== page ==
November 18, 2013

Photo Essay: The Lighted Windows of La Cañada Congregational Church

I became intrigued by the La Cañada Congregational Church when I heard that it was, for a time, called "Church of the Lighted Window."

The original wood church - known then as La Cañada Congregational Church - opened in 1898 and soon became kindling. It was rebuilt after the fire and reopened, again as the La Cañada Congregational Church, again using wood, but this time covering it in stucco to reduce flammability.

The new church, which was dedicated in 1924, reopened with exposed wood beam ceilings that could be viewed from the inside, and plain, functional windows that were replaced one by one by a variety of stained glass. One glass window in particular - which now hangs above the current chancel area, once the front entrance to the church - was lit from the inside, and, when viewed from the outside at night, inspired poet laureate of California Congressman John Stephen McGroarty to immortalize it in one of his poems.

Although the poem only referred to a church with a lighted window, in 1954 the church congregation was so enamored with the artistic association that they adopted the new name, "Church of the Lighted Window."

Although the church does have a stunning array of stained glass windows in a variety of styles, the new name caused confusion to those outside their congregation - including some who thought the church was actually worshipping a window - and so finally in 2008, the church's name was reinstated to its original, La Cañada Congregational Church.

But the architectural glass remains.

One entire side of the sanctuary features stained glass designed by Ateliers Loire Chartres, the Paris studio founded by famed glassmaker Gabriel Loire, now run by his sons and grandsons.

The art glass is unusual, done in the dalle de verre or "glass slab" style, which uses thick pieces of colored glass set in an epoxy resin instead of the traditional lead came.

Unlike the traditional techniques from the Middle Ages, these pieces are not painted...

...nor are they cut with a traditional glass cutter.

Instead, they hammered with a marteline, breaking them into pieces of faceted glass with a cleaved effect.

The facets are particularly effective in reflecting and refracting the light.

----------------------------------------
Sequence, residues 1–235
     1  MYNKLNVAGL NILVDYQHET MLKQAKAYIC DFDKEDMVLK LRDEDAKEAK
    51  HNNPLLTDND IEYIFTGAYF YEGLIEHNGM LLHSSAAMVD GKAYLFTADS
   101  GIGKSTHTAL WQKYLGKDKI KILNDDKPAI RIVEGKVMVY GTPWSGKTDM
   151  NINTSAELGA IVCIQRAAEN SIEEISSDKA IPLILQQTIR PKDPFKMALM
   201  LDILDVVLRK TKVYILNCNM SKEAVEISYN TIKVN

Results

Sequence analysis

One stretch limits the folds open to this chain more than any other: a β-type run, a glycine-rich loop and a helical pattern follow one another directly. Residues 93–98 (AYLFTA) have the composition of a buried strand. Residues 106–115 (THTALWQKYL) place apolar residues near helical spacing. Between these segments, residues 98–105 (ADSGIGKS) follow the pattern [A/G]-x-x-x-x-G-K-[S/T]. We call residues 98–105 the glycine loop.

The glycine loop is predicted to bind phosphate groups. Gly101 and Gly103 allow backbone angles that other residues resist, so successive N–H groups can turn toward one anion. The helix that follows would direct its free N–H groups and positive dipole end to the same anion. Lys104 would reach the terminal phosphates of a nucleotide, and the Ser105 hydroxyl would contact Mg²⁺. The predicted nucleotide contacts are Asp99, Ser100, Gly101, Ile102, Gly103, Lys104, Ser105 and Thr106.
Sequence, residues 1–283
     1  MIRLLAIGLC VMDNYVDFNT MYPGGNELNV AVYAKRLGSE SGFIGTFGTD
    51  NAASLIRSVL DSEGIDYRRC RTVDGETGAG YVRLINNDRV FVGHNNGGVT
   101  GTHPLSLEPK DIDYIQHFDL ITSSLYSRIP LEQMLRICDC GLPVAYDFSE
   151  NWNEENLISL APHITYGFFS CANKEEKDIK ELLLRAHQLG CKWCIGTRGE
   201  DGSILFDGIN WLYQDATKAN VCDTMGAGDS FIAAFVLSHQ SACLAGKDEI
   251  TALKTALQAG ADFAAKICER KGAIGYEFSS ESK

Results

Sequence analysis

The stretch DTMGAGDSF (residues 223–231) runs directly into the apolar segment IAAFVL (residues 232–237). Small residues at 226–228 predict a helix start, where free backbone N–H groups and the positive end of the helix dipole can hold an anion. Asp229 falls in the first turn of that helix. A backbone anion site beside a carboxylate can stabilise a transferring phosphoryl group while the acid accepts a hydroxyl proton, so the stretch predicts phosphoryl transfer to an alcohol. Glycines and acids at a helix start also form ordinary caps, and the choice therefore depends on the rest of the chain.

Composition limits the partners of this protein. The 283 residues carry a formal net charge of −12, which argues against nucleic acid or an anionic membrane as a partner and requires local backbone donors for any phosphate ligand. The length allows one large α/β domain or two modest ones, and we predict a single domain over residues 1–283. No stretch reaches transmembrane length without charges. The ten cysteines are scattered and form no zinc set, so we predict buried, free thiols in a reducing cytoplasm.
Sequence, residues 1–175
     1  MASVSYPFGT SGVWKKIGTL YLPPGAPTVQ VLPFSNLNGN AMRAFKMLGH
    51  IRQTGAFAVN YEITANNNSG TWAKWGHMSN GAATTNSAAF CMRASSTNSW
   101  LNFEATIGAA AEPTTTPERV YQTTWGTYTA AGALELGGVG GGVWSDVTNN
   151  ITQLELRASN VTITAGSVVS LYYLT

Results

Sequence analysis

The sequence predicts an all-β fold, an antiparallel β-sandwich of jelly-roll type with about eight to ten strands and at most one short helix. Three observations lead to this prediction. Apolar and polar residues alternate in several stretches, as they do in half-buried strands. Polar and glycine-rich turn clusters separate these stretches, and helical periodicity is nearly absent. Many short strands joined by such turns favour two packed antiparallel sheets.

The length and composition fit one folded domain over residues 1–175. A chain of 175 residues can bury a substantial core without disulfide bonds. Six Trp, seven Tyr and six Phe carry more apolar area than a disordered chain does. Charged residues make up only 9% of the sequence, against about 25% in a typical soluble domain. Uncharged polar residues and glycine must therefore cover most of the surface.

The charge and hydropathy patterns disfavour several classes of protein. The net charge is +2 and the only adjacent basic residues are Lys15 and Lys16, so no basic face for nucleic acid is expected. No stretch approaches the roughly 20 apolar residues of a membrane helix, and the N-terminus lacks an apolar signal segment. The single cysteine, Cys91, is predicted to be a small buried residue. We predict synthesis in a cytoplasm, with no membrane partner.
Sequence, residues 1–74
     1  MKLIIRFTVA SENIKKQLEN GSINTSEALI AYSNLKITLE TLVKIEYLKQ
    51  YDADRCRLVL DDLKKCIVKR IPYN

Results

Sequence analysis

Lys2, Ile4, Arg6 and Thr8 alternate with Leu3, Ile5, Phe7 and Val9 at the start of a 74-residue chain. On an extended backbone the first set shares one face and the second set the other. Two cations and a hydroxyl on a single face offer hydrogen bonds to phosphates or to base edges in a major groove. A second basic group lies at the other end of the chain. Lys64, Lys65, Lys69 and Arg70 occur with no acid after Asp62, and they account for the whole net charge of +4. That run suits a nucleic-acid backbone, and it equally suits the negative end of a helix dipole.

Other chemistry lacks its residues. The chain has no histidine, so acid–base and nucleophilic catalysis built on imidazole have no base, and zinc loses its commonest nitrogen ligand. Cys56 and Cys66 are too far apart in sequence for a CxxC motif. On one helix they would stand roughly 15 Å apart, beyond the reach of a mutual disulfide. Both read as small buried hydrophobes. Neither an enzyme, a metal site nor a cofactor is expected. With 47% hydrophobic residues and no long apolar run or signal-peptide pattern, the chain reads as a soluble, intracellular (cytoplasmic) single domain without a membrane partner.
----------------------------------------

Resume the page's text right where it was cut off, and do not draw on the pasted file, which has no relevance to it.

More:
This faceted glass technique rose to fame in the 1950s and 1960s (some of the windows here are dated 1946, the year the studio was founded), but since has been criticized for its structural instability, and difficulty in restoring.

The messages - and depictions - on the Loire windows are simple and easy to understand.

Their bold colors attract the eye to that side of the sanctuary.

But on the other side, there are more windows - these more traditionally made with painted glass and lead came - two local stained glass studios:

...LA Art Glass...

...and, like another of LA's congregational churches, Judson Studios.

Judson has been in business for 116 years ("and counting"), but these windows are also dated 1946...

...and have a much more medieval feel compared to the Loire glass...

...with overtly religious messaging and portrayals.

I spent quite a bit of time in the sanctuary alone with those windows...

...understanding how they could inspire poetry...

...feeling not particularly religious, but, perhaps, exultant.

Maybe it's just the color and the light that entranced me, or how the one window buckles, creating an undulating effect when viewed from below.

(Lead came does have a tendency to sink over time.)

Maybe it's just my love for art.

But if it's the stained glass that keeps drawing me into churches, sometimes even staying for the services, somebody had the right idea.

Related Posts:
Photo Essay: First Congregational Church Architecture Tour
Photo Essay: Judson's Historic Glass Studio
Stained Glass (Photo Blog) - Loire windows also found in Notre Dame de Lourdes Catholic cathedral (Casablanca, Morocco)

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